A Suggested Paradigm of Current Practice Guidelines for Androgen-Independent Prostate Cancer. Patients with androgen-independent prostate cancer fall into three broad categories: biochemical-only disease (DZ), asymptomatic disease with positive scans, and symptomatic disease. If patients have biochemical only disease, a decision when to treat them can be based, at least partially, on the speed at which the PSA is doubling (PSADT) as well as other factors such as patient age and overall health. Asymptomatic patients with a rising PSA and a positive bone scan should be considered for a clinical trial. Patients in this category are eligible to receive docetaxel; however, there are no set criteria as to when to treat these patients. Patients with symptomatic androgen-independent prostate cancer (AIPC) should be offered chemotherapy as a treatment option. Docetaxel is considered to be the first-line agent of choice. Mitoxantrone has a proven palliative benefit in patients with symptoms and can be considered as a first-line agent in patients who may not tolerate docetaxel. Because neither of these agents is curative, clinical trials for these patients should always be considered. Symptomatic patients with sites of pain secondary to bone lesions should be considered for palliative local or systemic radiation therapy. Patients with potential spinal cord compression should be treated with steroids and then evaluated for therapy with radiation or surgery. Zoledronic acid is approved for use in patients with bone metastases who have failed hormonal therapy.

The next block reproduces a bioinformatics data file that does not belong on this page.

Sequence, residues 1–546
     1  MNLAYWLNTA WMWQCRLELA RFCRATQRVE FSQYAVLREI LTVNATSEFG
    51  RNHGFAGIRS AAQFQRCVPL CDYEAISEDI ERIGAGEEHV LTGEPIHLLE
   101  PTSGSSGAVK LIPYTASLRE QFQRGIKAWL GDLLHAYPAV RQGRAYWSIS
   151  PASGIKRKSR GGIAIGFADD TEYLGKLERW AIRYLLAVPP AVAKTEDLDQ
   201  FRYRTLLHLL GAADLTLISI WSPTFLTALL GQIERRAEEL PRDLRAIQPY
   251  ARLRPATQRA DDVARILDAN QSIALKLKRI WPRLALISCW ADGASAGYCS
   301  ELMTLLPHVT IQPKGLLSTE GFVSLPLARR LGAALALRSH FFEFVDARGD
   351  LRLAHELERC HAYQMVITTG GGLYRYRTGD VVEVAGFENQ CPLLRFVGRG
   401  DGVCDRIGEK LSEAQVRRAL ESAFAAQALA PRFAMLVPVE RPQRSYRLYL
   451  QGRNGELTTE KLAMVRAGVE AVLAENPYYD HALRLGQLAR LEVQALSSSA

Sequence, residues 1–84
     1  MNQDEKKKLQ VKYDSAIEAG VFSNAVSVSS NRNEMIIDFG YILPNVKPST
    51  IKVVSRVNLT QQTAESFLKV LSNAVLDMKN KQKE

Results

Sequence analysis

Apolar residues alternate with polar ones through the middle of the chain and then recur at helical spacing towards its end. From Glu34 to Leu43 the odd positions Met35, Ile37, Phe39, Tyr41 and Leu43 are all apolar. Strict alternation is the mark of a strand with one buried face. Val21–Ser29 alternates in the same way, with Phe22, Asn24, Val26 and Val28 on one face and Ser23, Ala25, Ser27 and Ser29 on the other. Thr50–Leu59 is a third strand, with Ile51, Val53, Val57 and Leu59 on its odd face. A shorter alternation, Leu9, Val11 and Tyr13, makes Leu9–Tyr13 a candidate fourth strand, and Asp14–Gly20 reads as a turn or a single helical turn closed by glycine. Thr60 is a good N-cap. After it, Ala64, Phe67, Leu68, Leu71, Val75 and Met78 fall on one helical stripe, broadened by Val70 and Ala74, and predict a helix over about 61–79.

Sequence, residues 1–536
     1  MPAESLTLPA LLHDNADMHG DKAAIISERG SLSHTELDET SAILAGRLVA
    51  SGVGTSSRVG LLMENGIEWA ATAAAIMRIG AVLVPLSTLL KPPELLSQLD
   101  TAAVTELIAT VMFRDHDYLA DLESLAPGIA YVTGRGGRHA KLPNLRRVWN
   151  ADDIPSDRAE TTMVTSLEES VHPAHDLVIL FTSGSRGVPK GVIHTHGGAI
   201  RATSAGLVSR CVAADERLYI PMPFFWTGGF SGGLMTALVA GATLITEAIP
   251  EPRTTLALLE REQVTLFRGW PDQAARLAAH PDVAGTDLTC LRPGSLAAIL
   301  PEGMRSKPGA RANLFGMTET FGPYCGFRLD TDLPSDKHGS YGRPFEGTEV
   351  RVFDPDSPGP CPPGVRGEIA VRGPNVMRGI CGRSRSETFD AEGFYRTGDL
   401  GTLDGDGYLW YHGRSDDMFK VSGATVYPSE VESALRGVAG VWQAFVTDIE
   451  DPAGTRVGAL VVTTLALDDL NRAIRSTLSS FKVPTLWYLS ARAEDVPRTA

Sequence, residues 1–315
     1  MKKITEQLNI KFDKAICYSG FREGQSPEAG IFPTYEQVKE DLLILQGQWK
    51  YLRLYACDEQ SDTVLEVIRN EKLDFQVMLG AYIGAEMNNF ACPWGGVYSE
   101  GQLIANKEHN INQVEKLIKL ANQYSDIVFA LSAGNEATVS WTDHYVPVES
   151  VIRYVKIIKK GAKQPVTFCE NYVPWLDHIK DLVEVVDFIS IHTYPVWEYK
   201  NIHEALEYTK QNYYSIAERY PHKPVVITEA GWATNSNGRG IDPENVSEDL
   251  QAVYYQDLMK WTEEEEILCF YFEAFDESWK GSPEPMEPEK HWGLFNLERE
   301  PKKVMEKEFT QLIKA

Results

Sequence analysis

One common presentation is the patient who is asymptomatic with a rising PSA and a positive bone scan. These patients should be considered for a clinical trial. Patients in this category are eligible to receive docetaxel; however, there are no set criteria as to when to treat these patients. Many physicians and patients choose to wait to start docetaxel until symptoms have developed. Patients with visceral disease with or without bone disease are more likely to be started on cytotoxic chemotherapy while still asymptomatic than are those with bone-only disease. The utility of starting chemotherapy in asymptomatic patients has not been proven. Few would now question that patients with symptomatic androgen-independent prostate cancer (AIPC) should be offered chemotherapy as a treatment option. Docetaxel is considered to be the first-line agent of choice. Mitoxantrone, however, has a proven palliative benefit in patients with symptoms and can be considered as a first-line agent in patients who may not tolerate docetaxel. Of note, mitoxantrone is approved for use in patients with symptomatic prostate cancer and has no proven benefit in asymptomatic patients. Because neither of these agents is curative, clinical trials for these patients should always be considered. Symptomatic patients with sites of pain secondary to bone lesions should be considered for palliative radiation therapy. Zoledronic acid is approved for use in patients with bone metastases who have failed hormonal therapy. The question of when to initiate therapy with this agent has not yet been fully answered. Symptomatic patients appear to have some benefit with improvement in pain, but the real utility may be in the prevention or delay of skeletal related events. Systemic radioisotopes have proven palliative benefit in patients with multiple sites of bone disease but should not be used prophylactically.